U.S. markets close higher as the U.S. jobs report for February outweighs rising tensions in the Ukraine. Russia warns the Ukraine it will cut gas supplies unless it pays almost $2 billion it owes.
U.S. markets extended their gains as domestic jobless claims hit a three-month low and Ukraine's Crimea region announces it will vote on whether to become part of Russia.
Stocks extend their weekly gains Thursday as investors cheer a drop in weekly initial jobless claims.
Don't be fooled by their stellar run, small-cap stocks still have plenty of steam. But beware speculative biotech stocks.
The S&P closed flat on Wednesday and the Dow closed lower on weaker than expected payrolls data and a poor reading for the U.S. services sector.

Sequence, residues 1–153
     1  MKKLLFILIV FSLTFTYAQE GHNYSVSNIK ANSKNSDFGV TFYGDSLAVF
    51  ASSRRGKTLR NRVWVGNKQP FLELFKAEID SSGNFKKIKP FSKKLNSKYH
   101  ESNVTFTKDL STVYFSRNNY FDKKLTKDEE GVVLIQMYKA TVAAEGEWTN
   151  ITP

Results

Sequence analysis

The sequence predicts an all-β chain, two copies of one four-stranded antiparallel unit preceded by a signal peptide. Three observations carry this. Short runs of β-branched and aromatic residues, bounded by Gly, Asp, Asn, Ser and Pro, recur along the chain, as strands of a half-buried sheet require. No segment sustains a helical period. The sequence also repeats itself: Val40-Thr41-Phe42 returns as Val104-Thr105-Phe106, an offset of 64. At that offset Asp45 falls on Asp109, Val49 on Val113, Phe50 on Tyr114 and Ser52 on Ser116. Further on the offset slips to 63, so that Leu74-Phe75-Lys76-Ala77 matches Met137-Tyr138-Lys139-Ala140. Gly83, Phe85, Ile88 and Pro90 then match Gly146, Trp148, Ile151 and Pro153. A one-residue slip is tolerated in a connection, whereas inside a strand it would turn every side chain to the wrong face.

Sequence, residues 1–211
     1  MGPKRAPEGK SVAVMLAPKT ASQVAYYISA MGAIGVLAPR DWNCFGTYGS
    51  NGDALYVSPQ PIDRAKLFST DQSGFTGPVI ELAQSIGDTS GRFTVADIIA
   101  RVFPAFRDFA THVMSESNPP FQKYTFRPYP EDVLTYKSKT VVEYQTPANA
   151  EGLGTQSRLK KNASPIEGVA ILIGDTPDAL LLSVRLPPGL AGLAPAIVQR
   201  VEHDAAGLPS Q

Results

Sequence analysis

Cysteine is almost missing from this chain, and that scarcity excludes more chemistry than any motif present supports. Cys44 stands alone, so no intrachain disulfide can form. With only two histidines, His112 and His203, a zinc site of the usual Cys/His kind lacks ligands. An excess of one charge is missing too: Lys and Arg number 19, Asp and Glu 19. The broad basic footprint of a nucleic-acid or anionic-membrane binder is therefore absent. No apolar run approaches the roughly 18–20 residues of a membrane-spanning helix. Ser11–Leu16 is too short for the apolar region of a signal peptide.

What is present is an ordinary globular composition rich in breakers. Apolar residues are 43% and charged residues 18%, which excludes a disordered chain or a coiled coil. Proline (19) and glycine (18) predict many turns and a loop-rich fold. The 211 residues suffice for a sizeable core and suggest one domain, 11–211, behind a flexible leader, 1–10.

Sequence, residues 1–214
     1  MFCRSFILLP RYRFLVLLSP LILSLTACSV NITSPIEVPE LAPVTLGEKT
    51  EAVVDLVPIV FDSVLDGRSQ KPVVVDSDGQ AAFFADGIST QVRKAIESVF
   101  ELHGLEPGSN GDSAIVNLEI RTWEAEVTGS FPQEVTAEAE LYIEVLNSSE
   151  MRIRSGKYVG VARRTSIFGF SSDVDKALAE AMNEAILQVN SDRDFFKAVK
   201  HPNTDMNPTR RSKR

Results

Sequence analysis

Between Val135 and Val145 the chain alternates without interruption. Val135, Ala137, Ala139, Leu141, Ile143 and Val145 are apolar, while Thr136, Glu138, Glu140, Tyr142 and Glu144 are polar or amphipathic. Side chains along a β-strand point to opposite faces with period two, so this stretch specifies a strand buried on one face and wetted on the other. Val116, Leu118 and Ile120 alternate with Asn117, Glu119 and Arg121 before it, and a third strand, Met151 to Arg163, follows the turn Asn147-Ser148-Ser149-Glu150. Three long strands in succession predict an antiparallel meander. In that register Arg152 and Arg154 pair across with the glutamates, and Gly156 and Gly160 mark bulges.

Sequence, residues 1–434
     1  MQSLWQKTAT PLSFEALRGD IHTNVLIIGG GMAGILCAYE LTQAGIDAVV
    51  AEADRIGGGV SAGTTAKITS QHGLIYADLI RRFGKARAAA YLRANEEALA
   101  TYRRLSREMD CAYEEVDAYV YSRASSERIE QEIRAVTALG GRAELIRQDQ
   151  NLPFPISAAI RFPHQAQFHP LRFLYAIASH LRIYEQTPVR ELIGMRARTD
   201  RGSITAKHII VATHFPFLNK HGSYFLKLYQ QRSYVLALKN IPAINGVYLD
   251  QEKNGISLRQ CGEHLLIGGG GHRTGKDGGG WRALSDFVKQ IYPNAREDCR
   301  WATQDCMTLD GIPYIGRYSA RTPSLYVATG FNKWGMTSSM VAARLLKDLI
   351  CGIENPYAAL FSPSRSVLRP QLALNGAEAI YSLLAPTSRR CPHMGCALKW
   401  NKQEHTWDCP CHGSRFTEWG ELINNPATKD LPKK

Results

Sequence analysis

What do McDonald's, Coca-Cola, Philip Morris and PepsiCo have in common aside (ahem) from being champions for good health? All have sizable emerging markets exposure, an asset class that has roiled world equities this year, with expectations of more volatility to come.
Stock futures inch higher Wednesday despite disappointing data on U.S. payrolls.
U.S. stocks rebounded Tuesday, the S&P 500 closing at a new record high as investors cheered subsiding tensions in Ukraine.
Short term volatility triggered by emerging markets is being viewed by traders as a buying opportunity amid plentiful signs of broader strength in the market.
Global stocks including U.S. equities fell sharply as Russia occupied the Ukraine's Crimea region, with the threat of further action elsewhere in the country.